Battlefield Hardline is an attempt to move the first-person shooter series away from a military setting by shifting the action to downtown Miami and the fight against crime. Developed by Visceral Games, known for Dead Space, Hardline is pushing a better story with deeper characters than have previously been in the franchise.
New destination, same gameplay
Instead of going overseas again, Battlefield Hardline takes place in Miami, Florida. This new setting shows off locations not seen before in the franchise. With a single player campaign that plays out like a TV mini-series, Hardline creates characters with more depth than the usual shooter stereotypes. This is helped by a cast of recognizable actors who play the various main roles. Over ten episodes, you live as Nicholas Mendoza, Miami Police detective. Each episode varies in length, but the overall feel of the single player campaign is much more cohesive than previous Battlefield titles.
The multiplayer also got a big change. Rather than the massive 64-a-side skirmishes of Battlefield 4, Hardline has new modes like Heists, Hotwire, and Blood Money. These matches feature small groups of teams with different objectives like robbing a bank, stealing cars, or collecting money. Conquest and team deathmatch modes are still available, but these have much smaller maps than Battlefield 4, leading to more close quarter battles.
Slightly different, but still the same
One of the big additions to the single player mode is the ability to arrest enemies. This focus on realistic policing does mean that you don't have access to grenades at any point through the campaign. There is a leveling system that unlocks new weapon attachments. Mendoza also has a scanner that can find evidence throughout the campaign which allows you to unlock new weapons. It is possible to unlock weapons by picking them up, but the best ones are found using this evidence collection mechanic.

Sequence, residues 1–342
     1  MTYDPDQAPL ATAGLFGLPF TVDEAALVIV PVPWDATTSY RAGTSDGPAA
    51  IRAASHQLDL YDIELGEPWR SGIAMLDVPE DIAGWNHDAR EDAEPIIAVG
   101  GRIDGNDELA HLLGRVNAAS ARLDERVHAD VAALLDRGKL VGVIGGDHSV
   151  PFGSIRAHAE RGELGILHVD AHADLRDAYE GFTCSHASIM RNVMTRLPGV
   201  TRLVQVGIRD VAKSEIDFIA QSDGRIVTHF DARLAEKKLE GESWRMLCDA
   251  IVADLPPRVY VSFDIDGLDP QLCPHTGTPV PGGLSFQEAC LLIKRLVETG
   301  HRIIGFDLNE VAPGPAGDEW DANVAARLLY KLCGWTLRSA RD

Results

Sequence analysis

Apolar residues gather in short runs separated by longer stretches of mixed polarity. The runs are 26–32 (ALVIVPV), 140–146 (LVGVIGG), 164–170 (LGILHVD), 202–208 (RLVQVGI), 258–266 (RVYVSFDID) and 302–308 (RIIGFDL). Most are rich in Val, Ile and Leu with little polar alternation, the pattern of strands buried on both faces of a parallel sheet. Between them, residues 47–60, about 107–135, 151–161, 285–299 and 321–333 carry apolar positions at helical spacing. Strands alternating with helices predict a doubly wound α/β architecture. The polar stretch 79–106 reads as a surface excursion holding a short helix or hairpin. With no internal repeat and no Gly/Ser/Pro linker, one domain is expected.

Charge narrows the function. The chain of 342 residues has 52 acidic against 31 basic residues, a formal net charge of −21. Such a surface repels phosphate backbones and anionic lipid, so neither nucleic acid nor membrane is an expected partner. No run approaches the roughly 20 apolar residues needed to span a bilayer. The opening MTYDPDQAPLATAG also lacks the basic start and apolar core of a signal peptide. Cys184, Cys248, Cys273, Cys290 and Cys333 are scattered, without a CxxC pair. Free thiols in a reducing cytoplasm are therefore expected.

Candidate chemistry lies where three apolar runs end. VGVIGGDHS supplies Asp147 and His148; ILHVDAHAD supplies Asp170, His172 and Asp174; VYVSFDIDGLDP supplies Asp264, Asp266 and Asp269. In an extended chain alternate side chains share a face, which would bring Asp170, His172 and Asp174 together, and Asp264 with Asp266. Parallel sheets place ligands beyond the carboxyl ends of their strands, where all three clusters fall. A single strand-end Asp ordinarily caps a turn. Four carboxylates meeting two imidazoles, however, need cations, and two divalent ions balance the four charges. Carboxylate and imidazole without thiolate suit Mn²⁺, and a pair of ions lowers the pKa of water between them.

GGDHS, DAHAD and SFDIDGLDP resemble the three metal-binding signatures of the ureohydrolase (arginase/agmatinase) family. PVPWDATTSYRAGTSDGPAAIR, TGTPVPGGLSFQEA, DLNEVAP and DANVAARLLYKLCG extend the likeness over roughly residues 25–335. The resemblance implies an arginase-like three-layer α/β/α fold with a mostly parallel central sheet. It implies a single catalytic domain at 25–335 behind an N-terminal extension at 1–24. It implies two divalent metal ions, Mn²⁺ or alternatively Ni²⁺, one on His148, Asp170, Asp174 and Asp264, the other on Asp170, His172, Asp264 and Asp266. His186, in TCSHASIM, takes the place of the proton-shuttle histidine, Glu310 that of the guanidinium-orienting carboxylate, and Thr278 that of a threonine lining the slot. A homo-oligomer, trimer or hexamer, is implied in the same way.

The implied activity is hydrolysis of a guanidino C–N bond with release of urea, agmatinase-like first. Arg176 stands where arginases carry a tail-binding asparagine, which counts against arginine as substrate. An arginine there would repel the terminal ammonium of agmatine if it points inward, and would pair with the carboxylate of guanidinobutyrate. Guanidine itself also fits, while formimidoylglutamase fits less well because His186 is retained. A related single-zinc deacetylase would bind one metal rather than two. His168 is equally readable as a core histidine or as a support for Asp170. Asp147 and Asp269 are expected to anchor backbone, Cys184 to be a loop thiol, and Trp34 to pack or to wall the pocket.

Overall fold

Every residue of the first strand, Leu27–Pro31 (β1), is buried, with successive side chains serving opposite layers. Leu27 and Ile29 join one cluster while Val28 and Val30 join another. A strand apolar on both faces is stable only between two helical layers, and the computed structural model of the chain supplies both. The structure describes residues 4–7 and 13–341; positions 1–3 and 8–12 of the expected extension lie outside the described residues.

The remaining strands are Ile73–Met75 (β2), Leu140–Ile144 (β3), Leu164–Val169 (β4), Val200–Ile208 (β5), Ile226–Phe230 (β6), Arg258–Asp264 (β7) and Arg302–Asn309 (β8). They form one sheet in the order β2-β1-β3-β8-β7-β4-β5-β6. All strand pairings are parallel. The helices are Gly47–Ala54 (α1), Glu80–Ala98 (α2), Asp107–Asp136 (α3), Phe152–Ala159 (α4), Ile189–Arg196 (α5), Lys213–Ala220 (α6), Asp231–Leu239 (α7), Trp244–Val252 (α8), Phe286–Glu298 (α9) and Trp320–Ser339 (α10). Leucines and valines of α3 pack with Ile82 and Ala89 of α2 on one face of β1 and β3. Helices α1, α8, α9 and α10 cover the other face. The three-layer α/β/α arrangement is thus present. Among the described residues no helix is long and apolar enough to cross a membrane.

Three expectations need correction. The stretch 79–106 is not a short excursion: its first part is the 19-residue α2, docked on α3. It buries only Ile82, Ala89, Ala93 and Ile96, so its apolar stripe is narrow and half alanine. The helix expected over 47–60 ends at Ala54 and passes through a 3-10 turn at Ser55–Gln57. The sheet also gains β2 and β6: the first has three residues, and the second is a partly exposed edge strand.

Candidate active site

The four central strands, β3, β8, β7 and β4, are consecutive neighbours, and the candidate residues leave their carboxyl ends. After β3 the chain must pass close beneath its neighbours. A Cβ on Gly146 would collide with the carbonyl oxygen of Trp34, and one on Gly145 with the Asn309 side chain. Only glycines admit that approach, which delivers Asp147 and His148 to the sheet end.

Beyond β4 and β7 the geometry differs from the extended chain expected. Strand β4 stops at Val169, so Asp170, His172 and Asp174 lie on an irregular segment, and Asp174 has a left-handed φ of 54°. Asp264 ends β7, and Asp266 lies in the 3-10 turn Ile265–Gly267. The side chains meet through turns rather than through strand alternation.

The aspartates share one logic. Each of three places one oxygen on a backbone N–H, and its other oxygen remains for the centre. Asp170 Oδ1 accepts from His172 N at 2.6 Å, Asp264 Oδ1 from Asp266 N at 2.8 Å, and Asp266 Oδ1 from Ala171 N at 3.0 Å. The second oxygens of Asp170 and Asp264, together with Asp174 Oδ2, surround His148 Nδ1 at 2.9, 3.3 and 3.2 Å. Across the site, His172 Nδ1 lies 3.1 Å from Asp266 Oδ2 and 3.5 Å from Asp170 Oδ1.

Battlefield Hardlines' story is good. Some episodes are stronger or weaker than others and it takes a few episodes before the game really ramps up. The end is open, leaving room for a sequel.
The changes to multiplayer with new modes make it more team-based than before. Heists are a cops versus criminals affair, where cops are trying to protect two vaults and criminals are attempting to steal packages and deliver them to a drop point. Other new modes like Hotwire are fun, but a little unbalanced. Each team has to get different cars and then drive as fast as possible. If you don't have a car, then it can get a little boring. The classic conquest and deathmatch modes are still available and provide a decent break.
The leveling system is different from other Battlefield titles because you earn both money and experience. Money is used to buy new class-specific weapons. Cops and criminals each have different weapons. Weapon upgrades are based off kills, so unlocking attachments requires you to reach different thresholds. Gadgets like grenades or grappling hooks have to be bought. The good thing is that once you buy something, it's open for all the different classes.
All the usual first person shooter problems exist in Hardline’s multiplayer. Spawn point campers, weapon unbalance, and annoying hit detection all exist. The different maps allow for a lot of exploits too. Multiplayer is fun when people are working together, but frustrating when other players are in it just to chase kills instead of completing objectives.
A good Battlefield tangent
Battlefield Hardline is a good game. It focuses a lot on its entertaining single player campaign and changes the multiplayer to add more variety. Not everything is successful, but the overall game is solid. You will need to spend a lot of time in multiplayer to get a handle on the different modes, but it certainly is fun with the right players. If anything, Hardline shows that even with the series’ brand, it can go in different directions and still feel like a Battlefield game.